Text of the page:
I’ve never had a paid board position yet. I’ve always seen the value of these roles beyond money. There is personal value being a servant leader and helping others. I aligned with boards where I believed in their mission, and I get so much more than I can even say out of that experience.

    When you serve on boards that align with your values, you end up surrounding yourself with people who get to know what you stand for. They end up wanting to help you when situations come up. These are the people who speak your name in rooms you are not in. This is the value you can’t quantify. I just can’t tell people how valuable that is.

    Has this helped you improve your odds of getting in the line of sight when opportunities come up?

    Yes! You are serving with people who are like you. They are ambitious. They are connected and have a network they can introduce you to. It pays dividends when you least expect it.

    If you start volunteering at the point you are looking for a job and that is the only time you spend volunteering – and quit when you have a job – you won’t get long-term benefits because you have not built long-term relationships. You may have to give a lot before you get anything from it. You need to continue giving, even after you feel like you received what you were looking for – you still do it.

    I’ve had the most movement and title progressions, and made more money in the last three years because of these activities than I’ve had in my entire career. It comes from ten years of work I put into developing myself, building relationships, and volunteer leadership. It is not instantaneous. But it eventually comes – and it comes back to you big!

    How did you get found for your current job? What caused the outgoing HR person to think of you?

    The initial connection was made through volunteering in my local HR community three or four years ago. We met at an event, had a great spark, and we stayed in touch over the years.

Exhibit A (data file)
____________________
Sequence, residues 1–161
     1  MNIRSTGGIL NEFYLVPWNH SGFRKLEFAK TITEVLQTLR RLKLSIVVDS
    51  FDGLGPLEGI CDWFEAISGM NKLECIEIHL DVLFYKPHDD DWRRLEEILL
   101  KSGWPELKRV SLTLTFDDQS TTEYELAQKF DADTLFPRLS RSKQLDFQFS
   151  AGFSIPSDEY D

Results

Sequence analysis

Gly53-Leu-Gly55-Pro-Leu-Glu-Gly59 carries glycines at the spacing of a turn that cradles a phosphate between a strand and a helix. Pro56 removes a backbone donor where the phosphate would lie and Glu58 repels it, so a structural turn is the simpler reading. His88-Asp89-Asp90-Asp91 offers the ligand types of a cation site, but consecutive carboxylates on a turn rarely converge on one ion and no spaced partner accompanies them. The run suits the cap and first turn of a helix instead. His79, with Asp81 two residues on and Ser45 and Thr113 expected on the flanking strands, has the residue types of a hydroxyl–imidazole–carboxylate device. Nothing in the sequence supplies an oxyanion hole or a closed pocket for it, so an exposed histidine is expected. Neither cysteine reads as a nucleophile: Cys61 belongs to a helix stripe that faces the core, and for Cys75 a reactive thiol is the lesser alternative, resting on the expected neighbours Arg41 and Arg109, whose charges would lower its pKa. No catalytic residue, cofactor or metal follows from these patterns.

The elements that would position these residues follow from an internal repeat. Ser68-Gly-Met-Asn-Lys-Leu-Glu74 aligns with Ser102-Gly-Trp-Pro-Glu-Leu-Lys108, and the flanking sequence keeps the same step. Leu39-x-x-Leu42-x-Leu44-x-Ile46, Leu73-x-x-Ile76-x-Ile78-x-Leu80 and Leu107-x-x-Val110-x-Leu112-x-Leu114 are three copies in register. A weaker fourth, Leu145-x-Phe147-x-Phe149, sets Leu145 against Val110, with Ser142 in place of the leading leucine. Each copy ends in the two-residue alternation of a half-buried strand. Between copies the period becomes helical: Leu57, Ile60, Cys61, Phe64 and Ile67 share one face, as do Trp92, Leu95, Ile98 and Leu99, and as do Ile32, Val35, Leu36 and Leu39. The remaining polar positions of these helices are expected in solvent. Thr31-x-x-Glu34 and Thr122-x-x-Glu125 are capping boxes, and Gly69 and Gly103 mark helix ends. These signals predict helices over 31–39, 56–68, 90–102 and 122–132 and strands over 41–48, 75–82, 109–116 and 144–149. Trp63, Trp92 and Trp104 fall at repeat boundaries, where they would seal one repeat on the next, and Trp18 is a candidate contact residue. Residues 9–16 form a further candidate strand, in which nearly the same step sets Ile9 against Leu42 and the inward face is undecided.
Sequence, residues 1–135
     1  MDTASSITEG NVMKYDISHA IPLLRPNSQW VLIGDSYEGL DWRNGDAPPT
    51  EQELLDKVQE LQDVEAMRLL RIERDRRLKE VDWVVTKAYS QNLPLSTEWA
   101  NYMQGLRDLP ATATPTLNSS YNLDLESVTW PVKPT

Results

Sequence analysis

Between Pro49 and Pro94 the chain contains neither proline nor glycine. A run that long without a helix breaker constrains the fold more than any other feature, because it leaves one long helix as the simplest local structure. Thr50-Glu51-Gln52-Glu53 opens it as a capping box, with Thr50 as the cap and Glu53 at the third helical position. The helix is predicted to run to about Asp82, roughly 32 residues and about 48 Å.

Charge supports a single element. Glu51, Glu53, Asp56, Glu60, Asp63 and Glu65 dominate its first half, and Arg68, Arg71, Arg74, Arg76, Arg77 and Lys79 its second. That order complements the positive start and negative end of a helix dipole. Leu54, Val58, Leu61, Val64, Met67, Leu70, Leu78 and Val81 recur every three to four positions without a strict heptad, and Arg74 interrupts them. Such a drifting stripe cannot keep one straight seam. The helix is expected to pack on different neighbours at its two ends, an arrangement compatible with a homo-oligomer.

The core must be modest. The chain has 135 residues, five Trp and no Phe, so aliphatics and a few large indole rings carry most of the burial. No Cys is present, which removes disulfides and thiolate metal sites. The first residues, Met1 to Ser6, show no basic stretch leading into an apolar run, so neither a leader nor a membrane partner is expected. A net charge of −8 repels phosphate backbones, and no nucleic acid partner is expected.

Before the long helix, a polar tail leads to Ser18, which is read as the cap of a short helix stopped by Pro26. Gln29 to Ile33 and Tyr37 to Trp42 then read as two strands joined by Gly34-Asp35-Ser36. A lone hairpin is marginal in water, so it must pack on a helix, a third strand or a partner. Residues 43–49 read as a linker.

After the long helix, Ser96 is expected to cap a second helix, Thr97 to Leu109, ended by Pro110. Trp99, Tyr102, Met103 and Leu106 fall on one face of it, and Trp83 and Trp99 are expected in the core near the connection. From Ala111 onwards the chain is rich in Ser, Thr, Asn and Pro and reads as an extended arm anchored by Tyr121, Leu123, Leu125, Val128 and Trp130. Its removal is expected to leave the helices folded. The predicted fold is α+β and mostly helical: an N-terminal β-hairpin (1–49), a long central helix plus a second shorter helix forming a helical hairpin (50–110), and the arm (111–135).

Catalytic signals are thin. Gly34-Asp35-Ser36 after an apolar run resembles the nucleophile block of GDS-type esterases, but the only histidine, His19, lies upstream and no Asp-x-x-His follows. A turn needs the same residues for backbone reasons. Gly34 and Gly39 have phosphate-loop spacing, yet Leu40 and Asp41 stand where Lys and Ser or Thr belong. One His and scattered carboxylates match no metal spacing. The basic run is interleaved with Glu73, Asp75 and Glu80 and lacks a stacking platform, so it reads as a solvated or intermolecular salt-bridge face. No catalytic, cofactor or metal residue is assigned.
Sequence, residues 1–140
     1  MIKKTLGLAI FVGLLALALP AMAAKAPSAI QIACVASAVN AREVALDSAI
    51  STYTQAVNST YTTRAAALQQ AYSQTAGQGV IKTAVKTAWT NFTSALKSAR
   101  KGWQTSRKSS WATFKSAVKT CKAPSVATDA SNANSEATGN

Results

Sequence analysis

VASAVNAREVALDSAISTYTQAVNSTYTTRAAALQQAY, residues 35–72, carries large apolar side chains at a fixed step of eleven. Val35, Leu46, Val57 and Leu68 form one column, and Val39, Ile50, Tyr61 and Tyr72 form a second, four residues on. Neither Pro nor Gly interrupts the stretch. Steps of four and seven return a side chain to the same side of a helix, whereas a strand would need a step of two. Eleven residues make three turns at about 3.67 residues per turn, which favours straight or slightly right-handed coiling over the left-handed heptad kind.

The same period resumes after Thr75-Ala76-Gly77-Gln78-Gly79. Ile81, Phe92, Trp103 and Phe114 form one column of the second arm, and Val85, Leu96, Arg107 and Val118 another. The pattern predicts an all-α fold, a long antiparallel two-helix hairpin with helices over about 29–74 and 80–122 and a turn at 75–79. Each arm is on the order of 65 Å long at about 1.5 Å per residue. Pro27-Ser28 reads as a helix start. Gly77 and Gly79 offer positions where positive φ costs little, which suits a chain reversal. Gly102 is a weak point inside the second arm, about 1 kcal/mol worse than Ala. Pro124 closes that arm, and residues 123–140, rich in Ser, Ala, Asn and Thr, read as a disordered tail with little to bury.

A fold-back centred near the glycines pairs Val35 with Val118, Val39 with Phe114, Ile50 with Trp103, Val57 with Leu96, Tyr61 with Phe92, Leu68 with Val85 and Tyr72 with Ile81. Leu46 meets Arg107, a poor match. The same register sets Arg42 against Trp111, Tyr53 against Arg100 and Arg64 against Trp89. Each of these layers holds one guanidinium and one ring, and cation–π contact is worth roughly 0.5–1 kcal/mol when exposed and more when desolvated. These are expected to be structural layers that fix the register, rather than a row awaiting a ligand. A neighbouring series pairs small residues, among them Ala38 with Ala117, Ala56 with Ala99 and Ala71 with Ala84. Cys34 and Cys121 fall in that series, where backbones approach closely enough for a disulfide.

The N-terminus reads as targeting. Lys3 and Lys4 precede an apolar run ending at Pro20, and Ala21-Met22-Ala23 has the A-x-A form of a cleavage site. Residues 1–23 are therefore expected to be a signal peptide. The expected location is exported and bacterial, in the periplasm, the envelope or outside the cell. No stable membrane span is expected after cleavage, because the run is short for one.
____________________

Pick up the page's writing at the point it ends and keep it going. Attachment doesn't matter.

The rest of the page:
She called me one day and shared she was leaving her job for a new opportunity and thought I’d be a great fit. I didn’t know it was coming. I didn’t ask for it. In fact, I wasn’t looking for a job.

    She thought of me because I’d built a reputation, and she could speak to the reasons why she would recommend me. It was never because I gave her a résumé or my elevator speech.

    What experiences informed where you are today that people might not expect to hear?

    Because I present myself as very confident, people are surprised to know what a struggle I feel like it’s been for me. They see the title and quick movement, but they don’t know I’ve been in the industry for over twenty years. There were days when I was sad, and I couldn’t get a callback after reaching out to people. I spent two years reaching out to people trying to make individual connections and never got a response. That’s what people don’t see.

    I realized I had to do something different. That is when I turned to volunteer leadership and being out in the community.

    How do you suggest people be strategic and intentional with the ways they stand out? How do they make a mark with, as you say, “undisputable results”?